A New Beginning (Spanish)

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(Spanish) I finished a great anthology last year entitled, “Sumballein,” which also deals with Japan, the memory of ceramics, the physical part of the material, the ceramic element, the objects, and the breakage [that occurs] in firing [process], and the possibility that [always exists] that the pieces break in the oven. In short, [the pieces] do not survive. And in my case, [there is] persistence and the need to put the pieces together [to] make them whole again, fusing them with new firings. I am reminded of my Japanese teachers who tossed the broken pieces into the river and did not want to use them anymore. I hid the pieces, their pieces, underneath some rocks and they came and shouted at me, saying that I was stealing from them, that I had to break them and return them to nature in order to start the process anew, [and] to search for that perfection. Sometimes I responded that it seemed to me that I did not have such a feeling for perfection or imperfection, that it all was part of the journey. Twenty years later I saw my teacher again and he had saved one of the cups that I had put aside of his work that should have been tossed into the river to become broken pieces and sand, [in short], to return to Mother Nature, and I had put it away as a symbol of this commentary that I made for him, and he…we have a great relationship. This work, “Sumballein,” was also very important because of this feeling [that I had] to recall the relationship [that exists] with being a ceramist, [and] with Japan. Nevertheless, I would say that if I had to have a book or some written material [with me], it would have to be [of a] more technical [kind] from the perspective of the research involving aesthetic analysis, of the history of art, in short. The last two works, “A Zen Parable and Ten Short Stories,” [exhibited] in the Cultural Center, and the earlier work entitled, “Only Clouds,” [which is] dedicated to my father [and found] in the Cultural Center of the Ministry of Foreign Relations, have been more gaseous examples of my work, more ethereal, more compact, hermetic, very personal in a very special way. [These works] made me do things that I would not have done otherwise, to write in this way, to dedicate a song sung to my father in the other work. And I believe that there is an important moment for me, of realizing that perhaps I need to finish things that I started. One moves forward in life, making objects, exhibits, developing exhibits in a given space, getting to know people, to go [places], [to] travel, in short, and suddenly one thing increases the façade, the crab shells, the removal of the skin always increases [such things], at some moment perhaps it is important to leave aside so much initial appearances, so much shell, and to begin again to take account of what is most essential. I hope [my work] expresses such things. The most difficult part is to remain honest; I always say how difficult the next step is, now I feel a great emptiness, the space of neutrality in order to begin from scratch and to try to begin to say things.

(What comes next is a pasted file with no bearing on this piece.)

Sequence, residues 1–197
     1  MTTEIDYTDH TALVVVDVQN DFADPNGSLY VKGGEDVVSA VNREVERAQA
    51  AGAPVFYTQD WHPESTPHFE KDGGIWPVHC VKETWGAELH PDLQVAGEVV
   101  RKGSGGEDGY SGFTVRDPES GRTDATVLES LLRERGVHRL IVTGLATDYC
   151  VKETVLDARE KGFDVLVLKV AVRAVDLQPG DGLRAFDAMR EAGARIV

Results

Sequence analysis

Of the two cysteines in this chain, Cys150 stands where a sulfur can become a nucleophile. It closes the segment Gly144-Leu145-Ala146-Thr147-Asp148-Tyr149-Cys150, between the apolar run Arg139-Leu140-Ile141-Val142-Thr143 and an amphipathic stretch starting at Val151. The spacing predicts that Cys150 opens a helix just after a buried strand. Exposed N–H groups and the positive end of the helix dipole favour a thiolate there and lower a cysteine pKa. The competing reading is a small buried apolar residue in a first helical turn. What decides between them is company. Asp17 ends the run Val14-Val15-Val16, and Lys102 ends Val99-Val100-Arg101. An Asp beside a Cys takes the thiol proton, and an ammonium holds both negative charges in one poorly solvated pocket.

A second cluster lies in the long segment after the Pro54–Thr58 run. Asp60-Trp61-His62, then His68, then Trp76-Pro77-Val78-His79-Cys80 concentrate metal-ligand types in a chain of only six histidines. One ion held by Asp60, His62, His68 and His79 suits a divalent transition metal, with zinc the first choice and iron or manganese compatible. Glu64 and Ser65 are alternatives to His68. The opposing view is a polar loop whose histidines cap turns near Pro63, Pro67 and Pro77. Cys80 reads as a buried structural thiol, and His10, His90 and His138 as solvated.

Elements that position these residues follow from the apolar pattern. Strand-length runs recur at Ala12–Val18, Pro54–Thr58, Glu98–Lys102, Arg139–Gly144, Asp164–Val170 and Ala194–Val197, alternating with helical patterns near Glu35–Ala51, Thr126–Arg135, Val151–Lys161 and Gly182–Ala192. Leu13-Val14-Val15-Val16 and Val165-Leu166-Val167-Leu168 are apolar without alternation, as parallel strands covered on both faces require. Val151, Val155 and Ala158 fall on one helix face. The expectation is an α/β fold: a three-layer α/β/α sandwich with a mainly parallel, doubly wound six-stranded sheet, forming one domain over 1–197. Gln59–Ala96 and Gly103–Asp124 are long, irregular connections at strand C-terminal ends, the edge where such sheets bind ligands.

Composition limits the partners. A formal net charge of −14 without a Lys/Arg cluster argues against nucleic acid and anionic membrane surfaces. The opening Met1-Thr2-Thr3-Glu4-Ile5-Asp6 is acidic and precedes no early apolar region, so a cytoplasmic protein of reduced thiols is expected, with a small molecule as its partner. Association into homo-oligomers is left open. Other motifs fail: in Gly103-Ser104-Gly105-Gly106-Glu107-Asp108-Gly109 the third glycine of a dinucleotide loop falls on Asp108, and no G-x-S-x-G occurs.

Date: December 7, 2007
Location: Lima, Peru
Interviewer: Harumi Nako
Contributed by: Asociación Peruano Japonesa (APJ)

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